Why Fake Reviews Can Hurt and How To Spot Them

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Last week we spent time on how to write a great book review. If you missed it, you can read about it here. Today we’re going to talk about something we’d rather not have, and that’s fake book reviews. Here’s why…

If you’re an author, then you know that reviews can make or break your book. A few good reviews can convince people to give your book a chance, but a bunch of bad reviews can discourage people from clicking the “buy now” button. That’s why it’s so important to make sure that the reviews you’re getting are real.

Unfortunately, in today’s world, it’s all too easy for people to leave fake reviews. None of us wants to have bad reviews of our books, but there is such a thing as having too many five-star glowing reviews too. I know that seems counterintuitive, but think about it. Have you ever run across a book that has tons of reviews, and every single one of them has five stars and an absolutely glowing report of its contents? Haven’t you wondered about this? Most of us have, and there is an uneasy feeling about it. How is it possible every single reviewer gives it the highest praise possible? After all, it’s challenging enough to find two people who want to have dinner at the same place, not to mention a lot of strangers all agreeing on a book. When we see all these 5-star reviews, we figure it is mostly friends and family writing them. It’s not that that’s a bad thing, it’s just that others will have a hard time believing it. It can backfire on you. People just don’t trust it.

When I have clients come to me upset about a less-than-stellar review, I remind them it is time to celebrate. It helps keep things real. Having a 3-star review is not necessarily a bad thing.

It’s important to keep an eye on your reviews and monitor this, while keeping an eye out for fakes. This is also good information for review readers who are deciding to buy a book:

1. Is the review verified?

If there is the word “verified” in green letters next to the reviewer’s comment, that means they actually bought the book, and that is a very good thing. Fake reviewers don’t usually part with their own money and therefore did not first purchase the book. Be sure to look for the word, “verified.”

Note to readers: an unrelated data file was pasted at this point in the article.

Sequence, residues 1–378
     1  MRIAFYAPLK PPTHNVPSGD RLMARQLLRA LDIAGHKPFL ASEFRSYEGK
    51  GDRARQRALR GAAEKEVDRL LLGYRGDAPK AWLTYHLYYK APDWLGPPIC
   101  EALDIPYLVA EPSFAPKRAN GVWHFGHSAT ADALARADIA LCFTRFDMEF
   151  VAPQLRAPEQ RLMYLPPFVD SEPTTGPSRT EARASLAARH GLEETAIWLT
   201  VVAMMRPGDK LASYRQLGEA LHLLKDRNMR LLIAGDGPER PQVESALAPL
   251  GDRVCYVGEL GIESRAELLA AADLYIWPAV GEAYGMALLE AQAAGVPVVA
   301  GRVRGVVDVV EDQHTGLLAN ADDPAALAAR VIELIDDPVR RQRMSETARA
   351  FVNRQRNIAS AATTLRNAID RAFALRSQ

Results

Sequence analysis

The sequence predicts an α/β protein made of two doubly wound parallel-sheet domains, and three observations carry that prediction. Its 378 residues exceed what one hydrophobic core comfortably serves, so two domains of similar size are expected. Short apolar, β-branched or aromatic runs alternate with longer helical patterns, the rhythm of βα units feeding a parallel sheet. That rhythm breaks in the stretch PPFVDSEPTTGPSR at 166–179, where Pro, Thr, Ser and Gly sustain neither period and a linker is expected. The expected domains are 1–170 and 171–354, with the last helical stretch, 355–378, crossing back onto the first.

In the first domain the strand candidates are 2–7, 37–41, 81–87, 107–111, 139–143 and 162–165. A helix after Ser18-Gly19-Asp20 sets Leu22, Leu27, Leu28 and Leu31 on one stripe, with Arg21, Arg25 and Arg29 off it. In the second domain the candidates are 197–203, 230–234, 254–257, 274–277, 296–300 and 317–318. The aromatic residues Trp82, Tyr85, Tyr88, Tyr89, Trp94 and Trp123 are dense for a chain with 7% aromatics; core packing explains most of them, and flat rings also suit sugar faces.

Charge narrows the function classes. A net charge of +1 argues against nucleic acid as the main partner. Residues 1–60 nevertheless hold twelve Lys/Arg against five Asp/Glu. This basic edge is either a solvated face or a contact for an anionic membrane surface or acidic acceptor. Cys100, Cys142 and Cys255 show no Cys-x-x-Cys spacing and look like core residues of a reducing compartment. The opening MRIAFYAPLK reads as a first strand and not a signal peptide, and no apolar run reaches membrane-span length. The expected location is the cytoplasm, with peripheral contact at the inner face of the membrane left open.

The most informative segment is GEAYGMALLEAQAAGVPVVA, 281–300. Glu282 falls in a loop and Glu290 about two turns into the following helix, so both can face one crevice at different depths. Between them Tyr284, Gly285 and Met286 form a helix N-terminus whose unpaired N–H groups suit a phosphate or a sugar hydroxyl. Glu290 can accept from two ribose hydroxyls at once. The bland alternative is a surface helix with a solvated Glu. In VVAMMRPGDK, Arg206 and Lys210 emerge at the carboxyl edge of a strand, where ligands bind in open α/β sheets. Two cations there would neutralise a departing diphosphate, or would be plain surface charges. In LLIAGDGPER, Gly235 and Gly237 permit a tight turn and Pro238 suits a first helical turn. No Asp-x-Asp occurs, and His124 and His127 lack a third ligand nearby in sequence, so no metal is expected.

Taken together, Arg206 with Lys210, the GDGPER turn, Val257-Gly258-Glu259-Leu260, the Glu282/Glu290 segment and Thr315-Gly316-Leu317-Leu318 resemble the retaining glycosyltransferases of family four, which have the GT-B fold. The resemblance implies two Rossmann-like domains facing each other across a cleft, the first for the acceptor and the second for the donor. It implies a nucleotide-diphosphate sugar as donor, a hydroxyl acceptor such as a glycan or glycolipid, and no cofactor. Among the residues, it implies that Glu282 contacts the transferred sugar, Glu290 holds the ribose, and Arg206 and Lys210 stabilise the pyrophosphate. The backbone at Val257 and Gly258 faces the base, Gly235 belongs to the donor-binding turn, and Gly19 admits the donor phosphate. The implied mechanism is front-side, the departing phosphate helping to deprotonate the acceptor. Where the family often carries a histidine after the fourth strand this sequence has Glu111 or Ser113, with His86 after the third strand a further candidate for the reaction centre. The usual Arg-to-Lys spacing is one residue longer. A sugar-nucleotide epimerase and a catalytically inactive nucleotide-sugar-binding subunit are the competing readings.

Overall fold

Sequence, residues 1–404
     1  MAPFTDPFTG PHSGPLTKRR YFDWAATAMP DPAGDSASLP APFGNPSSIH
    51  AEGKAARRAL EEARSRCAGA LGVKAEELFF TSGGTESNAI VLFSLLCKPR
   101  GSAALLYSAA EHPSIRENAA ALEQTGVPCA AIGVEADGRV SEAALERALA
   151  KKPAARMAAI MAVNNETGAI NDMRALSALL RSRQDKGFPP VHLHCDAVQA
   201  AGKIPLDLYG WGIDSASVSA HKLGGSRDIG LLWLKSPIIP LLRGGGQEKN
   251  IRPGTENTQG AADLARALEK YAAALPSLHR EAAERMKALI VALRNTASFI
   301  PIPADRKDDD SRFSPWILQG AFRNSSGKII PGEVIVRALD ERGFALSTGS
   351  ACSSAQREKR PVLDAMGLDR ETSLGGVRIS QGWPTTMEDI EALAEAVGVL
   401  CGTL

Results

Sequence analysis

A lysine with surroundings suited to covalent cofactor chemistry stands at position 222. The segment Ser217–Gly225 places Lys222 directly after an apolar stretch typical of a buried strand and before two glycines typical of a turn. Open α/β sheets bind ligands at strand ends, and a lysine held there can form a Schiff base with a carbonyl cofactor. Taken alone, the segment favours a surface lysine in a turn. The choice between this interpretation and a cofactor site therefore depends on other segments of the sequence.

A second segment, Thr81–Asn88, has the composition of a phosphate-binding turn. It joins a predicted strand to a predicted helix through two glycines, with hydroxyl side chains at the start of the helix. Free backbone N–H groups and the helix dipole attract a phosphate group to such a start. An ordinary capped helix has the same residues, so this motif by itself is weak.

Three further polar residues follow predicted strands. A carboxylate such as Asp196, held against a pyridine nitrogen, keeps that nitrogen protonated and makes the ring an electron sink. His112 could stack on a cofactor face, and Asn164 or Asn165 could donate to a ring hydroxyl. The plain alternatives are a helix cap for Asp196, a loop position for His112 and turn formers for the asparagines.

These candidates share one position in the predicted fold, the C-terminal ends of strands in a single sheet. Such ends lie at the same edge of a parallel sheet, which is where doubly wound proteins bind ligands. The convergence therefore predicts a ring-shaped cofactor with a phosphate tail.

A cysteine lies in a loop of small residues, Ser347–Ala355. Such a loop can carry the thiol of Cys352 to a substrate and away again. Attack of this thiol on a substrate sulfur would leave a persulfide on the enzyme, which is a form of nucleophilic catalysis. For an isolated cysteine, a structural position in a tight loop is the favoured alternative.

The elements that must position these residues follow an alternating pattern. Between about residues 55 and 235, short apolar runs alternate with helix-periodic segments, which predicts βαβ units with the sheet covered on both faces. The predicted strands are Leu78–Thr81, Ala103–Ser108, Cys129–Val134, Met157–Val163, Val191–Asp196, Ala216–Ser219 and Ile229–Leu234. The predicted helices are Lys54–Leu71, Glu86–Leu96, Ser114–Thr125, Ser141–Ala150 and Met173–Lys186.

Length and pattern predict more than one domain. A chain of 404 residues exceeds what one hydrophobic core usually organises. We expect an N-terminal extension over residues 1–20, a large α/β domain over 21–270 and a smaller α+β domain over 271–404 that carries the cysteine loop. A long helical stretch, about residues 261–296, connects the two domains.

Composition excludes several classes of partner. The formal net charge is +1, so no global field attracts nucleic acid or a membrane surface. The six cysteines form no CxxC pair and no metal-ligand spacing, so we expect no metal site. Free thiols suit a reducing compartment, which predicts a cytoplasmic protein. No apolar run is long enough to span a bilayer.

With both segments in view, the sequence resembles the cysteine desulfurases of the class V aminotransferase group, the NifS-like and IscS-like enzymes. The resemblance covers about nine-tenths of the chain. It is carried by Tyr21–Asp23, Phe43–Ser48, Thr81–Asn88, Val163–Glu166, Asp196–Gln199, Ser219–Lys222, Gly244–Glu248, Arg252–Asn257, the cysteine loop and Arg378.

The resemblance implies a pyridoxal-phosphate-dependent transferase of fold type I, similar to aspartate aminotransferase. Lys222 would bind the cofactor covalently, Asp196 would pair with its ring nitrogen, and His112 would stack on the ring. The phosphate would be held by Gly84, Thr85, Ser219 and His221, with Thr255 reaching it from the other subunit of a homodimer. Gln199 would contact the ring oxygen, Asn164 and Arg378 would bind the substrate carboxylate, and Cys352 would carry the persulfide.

2. Check the reviewer’s history.

If you’re not sure whether a review is real or not, one of the best things you can do is check out the reviewer’s history. How many reviews have they done in the past? What else have they reviewed? If they’ve only reviewed your book and nothing else, or if they’ve left dozens of reviews in a short period of time, or if they’ve only written “terrible” reviews, those are red flags.

3. Look at the content of the review.

When you’re trying to determine whether a review is real or fake, it’s also important to pay attention to the content of the review itself. Does it seem genuine? Is it well-written? Does it offer specific details about what the reviewer liked or didn’t like about the book? Or is it vague and full of empty praise or criticism? A real review will offer specific insights that can help readers determine if your book is for them. A fake review will be much less helpful.

4. See if other reviewers corroborate what this reviewer is saying.

If you’re still not sure whether a particular review is real or fake, see if other reviewers are saying similar things. If multiple reviewers mention the same issue—whether it’s something they loved or something they didn’t like—chances are good that it’s legitimate feedback. But if this reviewer is the only one making a particular point, that should give you pause. It doesn’t mean it’s fake, but it’s just something to consider and be aware of.

5. The review is overly positive or negative.

We touched on this earlier, but it’s worth mentioning again: one of the biggest red flags when it comes to spotting fake book reviews is when the review is either overly positive or overly negative. Few people are completely polarized in one direction or the other. Very few books are truly amazing or absolutely terrible. If you see a review that falls at either extreme of the spectrum, there’s a good reason to question the validity of it.

6. Note the tone of the review.

This ties in with being too glowing—a real review might have criticisms, but even if it’s mostly positive, it will usually be balanced and fair. A fake review, however, will often go overboard in its praise or its criticism.

Bottom Line

You want potential readers to be getting honest feedback about your work—not artificially inflated (or deflated) ratings that don’t give an accurate picture of what your book is really like. This is also good news for when you get a lower review. Keep in mind that rather than feeling bad about it, you can feel good about it. Things are balanced, as they should be. Keep an eye out for the tips listed above next time you’re reading reviews, and you’ll be on your way to weeding out the fakes from the genuine articles. And good luck! Here’s to lots of good, helpful reviews that make others want to buy and read your book.

To your success!


P.S. It’s got to be real!






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